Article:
Article: Tantalus" Synchrotron Radiation Source :: Smithsonian Lemelson Center
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Alison Oswald, Lemelson Center Archivist

At the University of Wisconsin during 1965-1967, a team led by particle physicist Ednor Rowe built a machine designed to analyze what goes on inside high-energy particle accelerators. This was the big, exciting technology in physics at the time. But just as the apparatus neared completion, funding was cut off. Its creators, feeling teased by fate (and their government backers), dubbed the machine "Tantalus."

Rowe knew, though, that a by-product of Tantalus's operation was intense "synchrotron radiation," a form of ultra violet light that is used to study the structure of matter. He quickly adapted the machine to make this radiation available for use and soon the facility was crowded with experimenters from all over the world. Tantalus not only pioneered the use of synchrotron radiation, but created a research facility where both scientists and graduate students could perform hands-on work.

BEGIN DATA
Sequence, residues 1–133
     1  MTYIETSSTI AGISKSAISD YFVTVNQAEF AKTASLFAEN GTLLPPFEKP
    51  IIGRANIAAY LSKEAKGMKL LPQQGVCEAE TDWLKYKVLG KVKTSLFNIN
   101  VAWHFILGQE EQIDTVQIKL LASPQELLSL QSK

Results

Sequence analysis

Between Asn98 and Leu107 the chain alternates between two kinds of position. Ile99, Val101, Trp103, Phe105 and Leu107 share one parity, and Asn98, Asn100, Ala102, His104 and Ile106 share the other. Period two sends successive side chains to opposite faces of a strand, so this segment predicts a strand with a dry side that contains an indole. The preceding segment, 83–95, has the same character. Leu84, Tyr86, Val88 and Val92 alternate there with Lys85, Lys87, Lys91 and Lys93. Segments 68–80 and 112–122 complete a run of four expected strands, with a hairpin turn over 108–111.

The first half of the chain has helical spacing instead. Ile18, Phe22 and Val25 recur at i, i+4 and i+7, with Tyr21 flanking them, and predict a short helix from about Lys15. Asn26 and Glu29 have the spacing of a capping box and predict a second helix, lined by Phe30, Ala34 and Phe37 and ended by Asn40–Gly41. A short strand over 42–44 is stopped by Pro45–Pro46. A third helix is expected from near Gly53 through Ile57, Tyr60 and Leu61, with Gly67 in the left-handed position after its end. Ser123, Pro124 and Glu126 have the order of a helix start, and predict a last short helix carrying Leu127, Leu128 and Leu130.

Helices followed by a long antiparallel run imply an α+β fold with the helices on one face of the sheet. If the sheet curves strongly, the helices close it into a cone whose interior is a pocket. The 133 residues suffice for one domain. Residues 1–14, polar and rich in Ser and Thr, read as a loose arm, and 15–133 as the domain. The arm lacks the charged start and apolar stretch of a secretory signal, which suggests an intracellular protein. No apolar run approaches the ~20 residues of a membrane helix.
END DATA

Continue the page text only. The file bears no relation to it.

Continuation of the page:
Researchers shared information and the results of their experiments in a collegial environment. There was no "King of the Ring" among these goal-oriented scientists. Those working at the Synchrotron Radiation Center always sought ways to improve upon Tantalus, with the result that Tantalus remained an important research tool until 1987, when it was retired and replaced by a newer machine, "Aladdin."

In March 1994, Ednor Rowe contacted the National Museum of American History about the decommissioning of Tantalus. Museum curators decided to add part of the Tantalus accelerator ring to the collections in modern physics and also collected written documentation in the form of operational and data notebooks and logbooks that trace the creation, building, maintenance, and experiments carried out on the machine. There are also black and white photographs, slides, and video documentation.

With the support of the Lemelson Center, the curators conducted videohistory interviews with Tantalus staff Ed Rowe, Fred Brown, Cliff Olson, Charles Pruett, and Roger Otte. These discussions and reminiscences capture the human side of this high-tech machine's history.

For details on the contents of the collection, see the finding aid for the NMAH's Tantalus collection.

Originally published in Fall 1995.

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